By Steve Hickoff
They call it “small game” because it is. Still, targeting such game animals keeps you busy until the deer, moose, and elk seasons arrive in hunting country. Many states offer early squirrel seasons.
When sportsmen talk about “bushytail” hunting, it’s usually in reference to the gray and fox varieties (pictured here), though red (“pine”) squirrels are taken too.
I grew up hunting the Pennsylvania ridgetops for gray squirrels, and the occasional trophy black squirrel, a color phase variant. Fox squirrels (my Midwestern buds hunt them) weren’t available.
Wherever you target these and/or grays, they provide anti-couch-potato opportunity.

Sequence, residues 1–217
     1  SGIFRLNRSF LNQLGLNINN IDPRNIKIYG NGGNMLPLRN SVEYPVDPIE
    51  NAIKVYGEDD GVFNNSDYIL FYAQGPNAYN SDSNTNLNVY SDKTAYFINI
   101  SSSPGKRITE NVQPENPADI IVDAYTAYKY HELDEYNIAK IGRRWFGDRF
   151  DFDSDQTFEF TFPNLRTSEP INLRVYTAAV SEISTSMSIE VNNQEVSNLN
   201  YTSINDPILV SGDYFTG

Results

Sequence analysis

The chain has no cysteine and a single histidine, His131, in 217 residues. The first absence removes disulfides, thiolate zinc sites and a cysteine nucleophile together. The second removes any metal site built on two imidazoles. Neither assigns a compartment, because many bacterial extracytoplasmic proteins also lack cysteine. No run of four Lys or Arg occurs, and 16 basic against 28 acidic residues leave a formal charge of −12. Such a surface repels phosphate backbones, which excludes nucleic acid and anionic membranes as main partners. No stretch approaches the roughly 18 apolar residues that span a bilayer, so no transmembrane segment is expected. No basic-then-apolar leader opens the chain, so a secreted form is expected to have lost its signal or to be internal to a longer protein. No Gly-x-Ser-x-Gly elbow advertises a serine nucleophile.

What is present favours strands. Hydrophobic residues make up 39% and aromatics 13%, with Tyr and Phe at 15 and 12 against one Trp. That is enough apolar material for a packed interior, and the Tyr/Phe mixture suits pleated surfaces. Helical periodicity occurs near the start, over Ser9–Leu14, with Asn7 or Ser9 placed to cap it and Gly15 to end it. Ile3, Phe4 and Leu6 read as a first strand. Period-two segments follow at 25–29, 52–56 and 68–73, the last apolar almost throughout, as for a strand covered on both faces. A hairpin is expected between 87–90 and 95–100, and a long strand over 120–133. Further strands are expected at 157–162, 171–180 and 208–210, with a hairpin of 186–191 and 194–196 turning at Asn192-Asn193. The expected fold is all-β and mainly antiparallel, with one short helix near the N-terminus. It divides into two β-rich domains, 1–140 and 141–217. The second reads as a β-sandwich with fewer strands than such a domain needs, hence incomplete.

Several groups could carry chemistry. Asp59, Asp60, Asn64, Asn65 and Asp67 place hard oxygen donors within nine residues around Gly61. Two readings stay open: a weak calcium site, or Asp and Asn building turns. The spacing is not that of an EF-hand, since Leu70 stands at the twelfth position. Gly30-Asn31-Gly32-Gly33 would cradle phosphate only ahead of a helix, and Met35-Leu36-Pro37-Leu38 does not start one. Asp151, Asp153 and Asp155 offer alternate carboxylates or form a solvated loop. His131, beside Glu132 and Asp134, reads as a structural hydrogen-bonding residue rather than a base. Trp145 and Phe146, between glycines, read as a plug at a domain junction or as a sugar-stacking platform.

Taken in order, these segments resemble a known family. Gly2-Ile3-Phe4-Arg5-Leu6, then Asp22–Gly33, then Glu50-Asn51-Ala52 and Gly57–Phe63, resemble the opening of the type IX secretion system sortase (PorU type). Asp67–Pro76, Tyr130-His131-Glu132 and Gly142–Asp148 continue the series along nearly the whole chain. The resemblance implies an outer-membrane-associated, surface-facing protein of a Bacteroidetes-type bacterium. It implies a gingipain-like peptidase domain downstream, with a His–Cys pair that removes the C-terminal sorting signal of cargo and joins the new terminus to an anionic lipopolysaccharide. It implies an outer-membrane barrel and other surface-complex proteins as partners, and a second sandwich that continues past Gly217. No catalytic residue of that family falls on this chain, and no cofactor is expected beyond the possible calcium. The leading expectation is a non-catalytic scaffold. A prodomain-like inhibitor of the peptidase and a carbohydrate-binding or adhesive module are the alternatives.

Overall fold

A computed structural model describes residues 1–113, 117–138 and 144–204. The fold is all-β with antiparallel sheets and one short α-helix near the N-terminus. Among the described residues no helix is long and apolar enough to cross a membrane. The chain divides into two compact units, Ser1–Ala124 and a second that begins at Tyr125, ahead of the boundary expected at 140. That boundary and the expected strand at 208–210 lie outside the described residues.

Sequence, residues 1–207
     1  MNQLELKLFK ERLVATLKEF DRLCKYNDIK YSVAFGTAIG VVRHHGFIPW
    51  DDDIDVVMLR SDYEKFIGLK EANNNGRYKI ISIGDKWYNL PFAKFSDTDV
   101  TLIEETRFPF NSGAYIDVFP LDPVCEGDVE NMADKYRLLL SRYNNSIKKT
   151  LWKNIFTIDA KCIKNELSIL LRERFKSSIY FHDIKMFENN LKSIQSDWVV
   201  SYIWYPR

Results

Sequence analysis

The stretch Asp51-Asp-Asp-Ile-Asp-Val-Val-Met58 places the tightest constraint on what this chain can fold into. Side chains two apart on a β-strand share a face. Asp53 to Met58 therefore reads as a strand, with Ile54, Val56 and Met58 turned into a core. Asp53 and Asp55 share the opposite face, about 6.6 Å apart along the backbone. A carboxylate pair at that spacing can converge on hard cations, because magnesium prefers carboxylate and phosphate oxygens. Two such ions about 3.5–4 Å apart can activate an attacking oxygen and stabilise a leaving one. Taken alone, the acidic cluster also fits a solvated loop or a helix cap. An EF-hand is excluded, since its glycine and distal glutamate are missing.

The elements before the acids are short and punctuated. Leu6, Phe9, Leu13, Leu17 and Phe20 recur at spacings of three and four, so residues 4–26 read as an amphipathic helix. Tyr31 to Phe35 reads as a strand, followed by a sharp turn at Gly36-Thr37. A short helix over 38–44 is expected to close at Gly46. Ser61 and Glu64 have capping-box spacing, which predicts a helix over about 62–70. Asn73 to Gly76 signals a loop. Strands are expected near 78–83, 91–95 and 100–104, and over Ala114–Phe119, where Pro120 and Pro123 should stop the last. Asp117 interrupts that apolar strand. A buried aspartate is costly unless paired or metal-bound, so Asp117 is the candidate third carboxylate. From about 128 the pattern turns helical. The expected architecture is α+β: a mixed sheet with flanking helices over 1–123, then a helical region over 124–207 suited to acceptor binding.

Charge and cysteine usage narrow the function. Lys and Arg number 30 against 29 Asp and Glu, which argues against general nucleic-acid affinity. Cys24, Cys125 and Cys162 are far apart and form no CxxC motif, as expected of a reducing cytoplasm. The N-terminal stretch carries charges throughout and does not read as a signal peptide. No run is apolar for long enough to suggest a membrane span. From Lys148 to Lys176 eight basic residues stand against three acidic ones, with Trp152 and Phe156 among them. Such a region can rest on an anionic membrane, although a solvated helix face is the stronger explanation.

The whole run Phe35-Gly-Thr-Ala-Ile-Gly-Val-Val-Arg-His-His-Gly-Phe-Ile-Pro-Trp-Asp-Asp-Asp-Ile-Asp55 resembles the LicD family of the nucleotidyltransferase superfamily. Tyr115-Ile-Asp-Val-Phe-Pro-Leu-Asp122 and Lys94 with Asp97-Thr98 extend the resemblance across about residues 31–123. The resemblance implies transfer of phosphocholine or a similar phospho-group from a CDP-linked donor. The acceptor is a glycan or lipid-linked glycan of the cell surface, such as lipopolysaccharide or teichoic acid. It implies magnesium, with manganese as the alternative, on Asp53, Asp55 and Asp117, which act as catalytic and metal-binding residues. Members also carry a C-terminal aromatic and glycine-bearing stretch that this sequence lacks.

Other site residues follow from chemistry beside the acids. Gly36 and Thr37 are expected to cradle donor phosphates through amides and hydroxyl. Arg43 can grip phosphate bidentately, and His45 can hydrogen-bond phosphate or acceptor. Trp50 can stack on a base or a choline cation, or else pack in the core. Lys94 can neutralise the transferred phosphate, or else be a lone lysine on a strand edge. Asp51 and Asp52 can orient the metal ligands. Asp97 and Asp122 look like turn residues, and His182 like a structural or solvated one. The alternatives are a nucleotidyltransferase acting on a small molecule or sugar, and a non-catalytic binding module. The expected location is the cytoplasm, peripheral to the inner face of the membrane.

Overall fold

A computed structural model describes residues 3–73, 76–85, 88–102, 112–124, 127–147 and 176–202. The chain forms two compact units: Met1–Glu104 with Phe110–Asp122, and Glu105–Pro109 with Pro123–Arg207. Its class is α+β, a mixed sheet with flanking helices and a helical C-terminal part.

When does squirrel season open in your state? Mark that date. Hang treestands for fall deer while scouting squirrels.
Ride and scout. Search out squirrel haunts with your Yamaha ATV or Side-by-Side vehicle. Four-wheel to spots that hold this small game. Cut the engine. Survey the habitat. Plan your stalk.
Ease quietly into the woods. Move either with a slow stalking rhythm, or simply sit with your back against a tree the way you would turkey hunting. Both work. Mix it up.
Find food preferences. It pays to learn where the game eats, as with other forms of hunting. Look for nut-rich woods, with shagbark hickories, white oaks, and beech trees. Sit nearby. Chances are squirrels that spooked on your approach will reveal themselves within the hour.
Lurk near den trees. Dens are those leafy basketball-sized dwellings you see sitting at the tops of oaks and such. These reflect squirrel activity (old and new).